Fables Of The Reconstruction (25th Anniversary 2-Disc Re-Issue)
Call it what you will: alternative rock, guitar pop, college radio. For better or worse, R.E.M. were responsible for making it—and making it big. Even a casual listener knows when they hear an R.E.M. song. Theirs has always been a definitive sound: Bill Berry's frenetic drums, Peter Buck's jangly guitar, those literate stream-of-consciousness lyrics, and, of course, Michael Stipe's vulnerable voice, leaping from plaintive wail to cooing croon to murmur (pun intended), often within the same song.
They started out weird. Pretty, sure, but still weird. Then they got famous and became dogmatic, showing up at award shows with serious faces and message t-shirts. R.E.M. relinquished their indie status long ago, leaving behind I.R.S. Records and signing with Warner Brothers in the late '80s. They're now a renowned cornerstone of contemporary American music. R.E.M. was inducted in the Rock N' Roll Hall Of Fame in 2007, and the 1981 song “Radio Free Europe” was recently added to the Library of Congress's National Recording Registry.
Yet just before super-stardom and the soapbox, there was Fables Of The Reconstruction. R.E.M. originally released Fables Of The Reconstruction in June of 1985. Today, it's back—as a 25th anniversary 2-CD re-issue. R.E.M.'s first two albums, Murmur and Reckoning, have both already received the deluxe treatment. Fables Of The Reconstruction is another shining example of R.E.M.'s early-career aesthetic.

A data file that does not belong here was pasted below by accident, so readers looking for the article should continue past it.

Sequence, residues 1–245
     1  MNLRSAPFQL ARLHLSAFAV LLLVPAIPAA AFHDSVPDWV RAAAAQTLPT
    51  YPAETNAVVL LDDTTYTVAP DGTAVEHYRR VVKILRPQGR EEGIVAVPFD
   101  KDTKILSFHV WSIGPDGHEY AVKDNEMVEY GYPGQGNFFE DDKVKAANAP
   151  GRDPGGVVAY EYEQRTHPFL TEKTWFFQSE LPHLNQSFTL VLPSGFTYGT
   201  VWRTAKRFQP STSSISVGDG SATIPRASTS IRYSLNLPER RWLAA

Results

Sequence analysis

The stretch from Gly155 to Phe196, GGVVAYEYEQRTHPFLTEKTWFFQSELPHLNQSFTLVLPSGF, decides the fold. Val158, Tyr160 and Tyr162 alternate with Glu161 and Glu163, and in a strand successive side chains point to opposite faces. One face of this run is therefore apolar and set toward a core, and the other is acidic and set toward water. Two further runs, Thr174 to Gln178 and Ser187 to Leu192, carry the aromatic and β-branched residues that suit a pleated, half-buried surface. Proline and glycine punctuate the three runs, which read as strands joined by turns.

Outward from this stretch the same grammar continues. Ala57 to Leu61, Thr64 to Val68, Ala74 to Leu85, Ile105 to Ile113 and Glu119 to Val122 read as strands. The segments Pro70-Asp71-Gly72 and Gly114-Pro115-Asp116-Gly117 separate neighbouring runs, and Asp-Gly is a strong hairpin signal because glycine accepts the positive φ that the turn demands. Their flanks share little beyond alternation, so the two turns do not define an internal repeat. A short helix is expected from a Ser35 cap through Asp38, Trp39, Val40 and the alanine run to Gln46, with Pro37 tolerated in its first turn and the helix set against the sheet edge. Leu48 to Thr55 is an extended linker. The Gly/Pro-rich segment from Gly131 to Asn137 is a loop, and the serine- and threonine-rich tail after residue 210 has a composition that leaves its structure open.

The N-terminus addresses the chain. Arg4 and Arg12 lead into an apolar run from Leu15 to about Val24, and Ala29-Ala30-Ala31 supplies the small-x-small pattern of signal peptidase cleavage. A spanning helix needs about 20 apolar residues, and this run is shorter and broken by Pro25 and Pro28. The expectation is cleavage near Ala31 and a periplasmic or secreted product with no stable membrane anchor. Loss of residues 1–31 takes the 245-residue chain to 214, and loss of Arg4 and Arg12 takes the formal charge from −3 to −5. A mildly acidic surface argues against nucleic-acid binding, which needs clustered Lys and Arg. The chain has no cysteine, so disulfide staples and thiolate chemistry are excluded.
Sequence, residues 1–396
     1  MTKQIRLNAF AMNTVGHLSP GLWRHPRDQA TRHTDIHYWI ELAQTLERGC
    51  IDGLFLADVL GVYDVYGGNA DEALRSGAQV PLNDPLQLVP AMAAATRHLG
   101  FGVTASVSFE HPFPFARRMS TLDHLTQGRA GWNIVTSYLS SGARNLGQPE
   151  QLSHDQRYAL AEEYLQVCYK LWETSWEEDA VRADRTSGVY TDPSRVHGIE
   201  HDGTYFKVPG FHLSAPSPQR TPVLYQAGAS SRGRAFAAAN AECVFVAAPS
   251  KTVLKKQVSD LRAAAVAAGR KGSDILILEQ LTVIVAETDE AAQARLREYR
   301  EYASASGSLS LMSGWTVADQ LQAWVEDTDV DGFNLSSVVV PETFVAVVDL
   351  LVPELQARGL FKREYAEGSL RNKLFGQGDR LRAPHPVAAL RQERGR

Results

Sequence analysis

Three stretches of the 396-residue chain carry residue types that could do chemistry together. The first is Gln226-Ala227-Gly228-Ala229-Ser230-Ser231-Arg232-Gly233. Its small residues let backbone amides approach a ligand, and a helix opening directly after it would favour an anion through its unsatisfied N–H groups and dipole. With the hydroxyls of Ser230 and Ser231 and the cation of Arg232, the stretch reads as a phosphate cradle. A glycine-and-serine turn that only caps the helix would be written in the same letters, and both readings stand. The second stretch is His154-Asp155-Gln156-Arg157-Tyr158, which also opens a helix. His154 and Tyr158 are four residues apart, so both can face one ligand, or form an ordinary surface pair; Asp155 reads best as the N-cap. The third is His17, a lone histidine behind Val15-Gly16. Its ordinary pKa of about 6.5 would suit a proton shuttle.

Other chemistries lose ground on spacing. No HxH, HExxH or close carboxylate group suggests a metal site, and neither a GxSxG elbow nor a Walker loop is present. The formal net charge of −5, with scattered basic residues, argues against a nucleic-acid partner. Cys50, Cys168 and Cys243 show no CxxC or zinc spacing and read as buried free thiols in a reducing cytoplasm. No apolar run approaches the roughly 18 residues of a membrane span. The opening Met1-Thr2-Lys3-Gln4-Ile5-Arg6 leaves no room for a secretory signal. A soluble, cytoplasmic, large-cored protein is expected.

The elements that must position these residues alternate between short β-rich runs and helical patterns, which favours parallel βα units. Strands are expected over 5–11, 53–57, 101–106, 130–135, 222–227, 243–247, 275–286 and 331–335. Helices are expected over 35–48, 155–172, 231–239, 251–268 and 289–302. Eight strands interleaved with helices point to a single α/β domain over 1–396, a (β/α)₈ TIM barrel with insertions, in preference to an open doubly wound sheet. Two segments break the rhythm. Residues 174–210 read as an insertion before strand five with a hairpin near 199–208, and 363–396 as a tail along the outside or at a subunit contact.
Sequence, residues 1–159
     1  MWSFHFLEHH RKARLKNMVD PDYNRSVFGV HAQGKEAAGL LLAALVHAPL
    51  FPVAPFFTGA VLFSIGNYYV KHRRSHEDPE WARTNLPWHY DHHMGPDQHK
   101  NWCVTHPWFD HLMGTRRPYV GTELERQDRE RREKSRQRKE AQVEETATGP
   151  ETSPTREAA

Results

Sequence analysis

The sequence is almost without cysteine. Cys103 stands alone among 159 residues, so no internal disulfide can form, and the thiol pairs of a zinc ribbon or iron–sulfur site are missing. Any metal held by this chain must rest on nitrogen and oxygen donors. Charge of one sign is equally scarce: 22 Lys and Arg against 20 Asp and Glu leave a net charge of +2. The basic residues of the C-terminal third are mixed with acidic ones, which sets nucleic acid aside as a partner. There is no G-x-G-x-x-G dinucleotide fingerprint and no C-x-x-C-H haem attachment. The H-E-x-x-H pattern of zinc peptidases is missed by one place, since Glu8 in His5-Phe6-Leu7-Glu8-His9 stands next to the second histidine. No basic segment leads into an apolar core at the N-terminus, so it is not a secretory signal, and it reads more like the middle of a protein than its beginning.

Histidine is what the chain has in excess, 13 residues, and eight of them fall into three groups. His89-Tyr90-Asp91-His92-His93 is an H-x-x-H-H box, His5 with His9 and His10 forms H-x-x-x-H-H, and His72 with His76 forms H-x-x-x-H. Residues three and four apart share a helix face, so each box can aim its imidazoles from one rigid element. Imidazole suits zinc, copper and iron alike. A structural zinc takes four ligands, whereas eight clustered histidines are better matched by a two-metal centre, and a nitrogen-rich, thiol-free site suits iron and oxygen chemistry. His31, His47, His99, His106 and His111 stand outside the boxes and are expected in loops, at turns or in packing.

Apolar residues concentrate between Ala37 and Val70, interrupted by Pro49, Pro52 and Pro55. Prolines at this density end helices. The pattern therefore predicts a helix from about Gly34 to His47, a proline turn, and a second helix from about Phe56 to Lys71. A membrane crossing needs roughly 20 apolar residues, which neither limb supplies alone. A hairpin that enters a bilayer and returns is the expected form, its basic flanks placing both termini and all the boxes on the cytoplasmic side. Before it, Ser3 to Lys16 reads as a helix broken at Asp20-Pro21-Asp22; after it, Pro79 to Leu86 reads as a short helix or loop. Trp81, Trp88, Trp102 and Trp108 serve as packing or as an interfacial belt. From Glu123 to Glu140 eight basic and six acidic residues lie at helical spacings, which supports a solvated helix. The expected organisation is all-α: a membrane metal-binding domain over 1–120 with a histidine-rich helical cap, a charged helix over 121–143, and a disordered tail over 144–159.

The Athens Demos, included as the second disc on the re-issue, stand on their own as excellent alternates to the (now classic) originals. There's precious little variation from demo to album version, yet still just enough difference to be noticeable. They show a band, confident as a collective, fine-tuning these already well-honed songs. Stand-outs include “Can't Get There From Here,” which felt much more playful than the original; “Green Grow The Rushes,” with demo vocals that sounded warmer and more intimate; “Driver 8,” which, although a little off-key and possessing more prominent background vocals, was still charming.
Of the thirteen tracks on The Athens Demos, three were not on the original release. Two of them, “Bandwagon” and “Hyena,” went on to be released on other albums; “Bandwagon” was also a bonus track on the import version of Fables Of The Reconstruction. Then there's “Throw Those Trolls Away,” the much-hyped previously unreleased track that, sadly, is completely forgettable and altogether expendable. It's also worth noting that the songs on the second disc are both out of album sequence (not that odd), and curiously, listed in alphabetical order.
Over the last several years, re-releases have become standard among bands of R.E.M.'s status; deluxe edition re-releases are to today what box sets were to the '90s. Listeners are granted greater access to a band's oeuvre. Plus, if they're die-hard fans and/or music snobs, they're also granted a sense of collection completion—not to mention bragging rights.